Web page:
Steve Jobs Blu-ray Review
STEVE JOBS is a unique film in that everything great about it starts and stops with the script from Aaron Sorkin. I can’t think of a film in recent memory that features a couple of A-list stars like Michael Fassbender and Kate Winslet, has an Oscar winning director in Danny Boyle and yet somehow their greatness is overshadowed by a screenwriter. Aaron Sorkin had already ascended to new heights for a screenwriter, but STEVE JOBS might be his greatest achievement.
We all know of the real Steve Jobs, but the film chooses to follow him in three separate points in his life. The first is the 1984 launch of the Macintosh computer, the second during the 1988 launch of the NeXT computer and finally, the 1998 launch of the iMac computer. Each one finds Jobs with a distinct set of challenges and goals and as the film progresses, we get a slow unravel of what drove him and shaped the icon we know today. Even before we get to the greatness of the dialogue, choosing these three events (as opposed to the iPod or iPhone launches) was a bold choice from Sorkin as these three events aren’t what most people associate with Jobs, but they were probably more important to the character development, which is why they were chosen.
Before the film was made, it went through several casting and director changes and that usually means there’s a problem somewhere in the production or with the script. But this is one of, if not the, most polished scripts in recent movie history, featuring crisp, quick, intelligent dialogue that drives each moment of the film. Sorkin has an impressive resume, but this is his masterpiece, taking everything he’s done well over the years and molding it into an incredible script. Everyone has an opinion about the Oscars, but Sorkin getting snubbed was probably the Academy’s biggest oversight.
Of course, a good script is worthless if you don’t have exceptionally talented actors delivering the lines. Thankfully, STEVE JOBS features two of today’s best actors in Michael Fassbender and Kate Winslet. There are some movies where an actor can get by without memorizing lines or can improv where needed, but this is not one of them. The script featured so many long monologues and extended dialogue sequences that it forced the actors to not only memorize, but to delivery each word perfectly. Fassbender and Winslet nailed every scene and every line and I’m guessing the film went through so many casting changes because of the intimidation factor involved with being responsible for bringing this script to life. We also got some impressive performances from Seth Rogen, Jeff Daniels and Michael Stuhlbarg.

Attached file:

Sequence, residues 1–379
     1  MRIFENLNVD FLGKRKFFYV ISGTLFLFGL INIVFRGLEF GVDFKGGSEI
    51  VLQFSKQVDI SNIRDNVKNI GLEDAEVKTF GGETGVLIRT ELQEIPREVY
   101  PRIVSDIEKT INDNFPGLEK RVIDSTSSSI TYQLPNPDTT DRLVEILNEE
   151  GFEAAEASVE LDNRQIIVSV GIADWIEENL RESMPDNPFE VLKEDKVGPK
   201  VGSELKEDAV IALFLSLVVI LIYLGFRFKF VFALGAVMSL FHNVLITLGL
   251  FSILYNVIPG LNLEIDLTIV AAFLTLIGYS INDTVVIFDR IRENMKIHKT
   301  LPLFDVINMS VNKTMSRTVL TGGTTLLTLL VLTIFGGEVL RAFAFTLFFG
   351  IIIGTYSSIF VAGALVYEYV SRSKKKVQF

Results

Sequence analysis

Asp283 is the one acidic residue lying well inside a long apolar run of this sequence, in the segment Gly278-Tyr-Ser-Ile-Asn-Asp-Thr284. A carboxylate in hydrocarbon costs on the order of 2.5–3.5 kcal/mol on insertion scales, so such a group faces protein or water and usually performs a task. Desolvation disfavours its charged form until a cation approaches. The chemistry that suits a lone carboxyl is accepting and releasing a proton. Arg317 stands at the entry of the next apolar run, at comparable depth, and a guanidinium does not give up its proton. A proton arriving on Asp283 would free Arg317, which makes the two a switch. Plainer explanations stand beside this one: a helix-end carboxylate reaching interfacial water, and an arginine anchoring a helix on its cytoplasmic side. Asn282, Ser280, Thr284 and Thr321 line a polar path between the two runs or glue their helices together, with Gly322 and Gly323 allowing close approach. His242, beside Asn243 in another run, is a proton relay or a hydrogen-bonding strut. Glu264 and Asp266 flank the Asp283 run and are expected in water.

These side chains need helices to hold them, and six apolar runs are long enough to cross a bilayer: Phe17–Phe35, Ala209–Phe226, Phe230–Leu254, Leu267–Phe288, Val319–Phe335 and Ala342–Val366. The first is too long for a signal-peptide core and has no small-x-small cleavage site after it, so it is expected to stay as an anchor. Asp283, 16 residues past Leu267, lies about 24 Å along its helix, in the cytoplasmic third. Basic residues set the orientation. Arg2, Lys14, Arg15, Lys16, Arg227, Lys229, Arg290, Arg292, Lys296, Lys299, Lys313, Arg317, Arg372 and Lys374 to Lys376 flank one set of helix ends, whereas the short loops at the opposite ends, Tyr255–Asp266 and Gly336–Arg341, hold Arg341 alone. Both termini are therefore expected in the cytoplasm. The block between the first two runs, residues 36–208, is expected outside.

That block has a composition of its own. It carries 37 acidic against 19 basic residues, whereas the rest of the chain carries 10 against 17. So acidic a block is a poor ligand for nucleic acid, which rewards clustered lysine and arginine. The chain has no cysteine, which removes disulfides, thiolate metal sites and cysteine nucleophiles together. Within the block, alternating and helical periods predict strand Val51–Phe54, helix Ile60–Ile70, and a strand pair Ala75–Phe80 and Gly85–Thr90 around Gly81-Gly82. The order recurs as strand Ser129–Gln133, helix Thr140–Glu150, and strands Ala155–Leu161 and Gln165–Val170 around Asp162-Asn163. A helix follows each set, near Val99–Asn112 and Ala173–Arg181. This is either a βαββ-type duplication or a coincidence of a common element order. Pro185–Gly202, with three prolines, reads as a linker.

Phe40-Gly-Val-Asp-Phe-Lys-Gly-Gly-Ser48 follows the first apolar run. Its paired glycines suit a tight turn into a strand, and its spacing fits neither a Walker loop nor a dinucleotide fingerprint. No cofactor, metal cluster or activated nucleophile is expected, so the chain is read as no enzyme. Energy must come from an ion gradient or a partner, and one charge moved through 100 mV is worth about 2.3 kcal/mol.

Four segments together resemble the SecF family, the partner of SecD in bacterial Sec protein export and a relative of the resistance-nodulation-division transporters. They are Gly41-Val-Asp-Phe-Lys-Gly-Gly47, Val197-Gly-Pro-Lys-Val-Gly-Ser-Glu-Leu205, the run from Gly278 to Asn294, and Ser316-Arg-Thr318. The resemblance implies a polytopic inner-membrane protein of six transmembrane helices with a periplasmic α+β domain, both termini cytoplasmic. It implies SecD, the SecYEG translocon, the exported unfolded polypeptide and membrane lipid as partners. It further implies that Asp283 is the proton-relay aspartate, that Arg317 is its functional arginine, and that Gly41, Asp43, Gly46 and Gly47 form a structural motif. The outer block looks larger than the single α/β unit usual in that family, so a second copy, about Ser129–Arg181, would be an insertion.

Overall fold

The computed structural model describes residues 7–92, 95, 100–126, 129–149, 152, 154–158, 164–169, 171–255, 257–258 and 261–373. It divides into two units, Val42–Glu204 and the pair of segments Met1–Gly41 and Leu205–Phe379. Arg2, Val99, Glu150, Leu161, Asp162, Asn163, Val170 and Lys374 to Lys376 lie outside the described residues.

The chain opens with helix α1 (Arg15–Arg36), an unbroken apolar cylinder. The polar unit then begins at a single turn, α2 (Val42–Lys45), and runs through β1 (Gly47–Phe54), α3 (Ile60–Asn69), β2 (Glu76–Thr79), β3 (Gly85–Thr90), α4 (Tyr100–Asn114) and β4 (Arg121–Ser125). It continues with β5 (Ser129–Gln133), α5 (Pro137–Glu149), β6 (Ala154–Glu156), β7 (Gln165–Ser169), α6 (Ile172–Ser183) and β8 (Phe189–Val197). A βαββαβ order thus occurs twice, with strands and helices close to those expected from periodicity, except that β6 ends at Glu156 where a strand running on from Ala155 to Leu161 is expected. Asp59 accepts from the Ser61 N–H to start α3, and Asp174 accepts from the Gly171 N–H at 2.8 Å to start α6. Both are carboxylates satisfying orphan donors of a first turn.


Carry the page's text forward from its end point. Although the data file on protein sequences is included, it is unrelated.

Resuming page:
Even after watching the movie and reading the book, I’m not sure how I feel about the real Steve Jobs. I respect him as a person, but I don’t agree with the way he behaved at times. However, the beauty of STEVE JOBS is that it doesn’t matter what you think about the real life people the movie is based on because it flies along so quickly and gives you so much in a limited runtime that it’s impossible not to be amazed. And for those that are jaded by movies based on Steve Jobs, just know that it’s insulting to this film to compare it to the Ashton Kutcher film. That would be like comparing CITIZEN KANE to a Lifetime movie.
Video: Universal does another great job with a recent Blu-ray release.
Audio: The audio was fine
Commentary with Danny Boyle: Boyle sticks to the technical aspects of making the film, more than the creative aspect. But he’s great to listen to and this is well worth it for people interested in the details of STEVE JOBS.
Commentary with Aaron Sorkin and Elliot Graham: Sorkin gives a lot of credit to having great source material and he and Graham have a good back and forth about some of the decisions in the film. Overall, this is a good commentary.
Inside Jobs: The Making of Steve Jobs (15:41): This is a pretty standard making-of featurette. I would have liked to have learned more about the behind the scenes issues with casting and finding a director, but they shied away from that.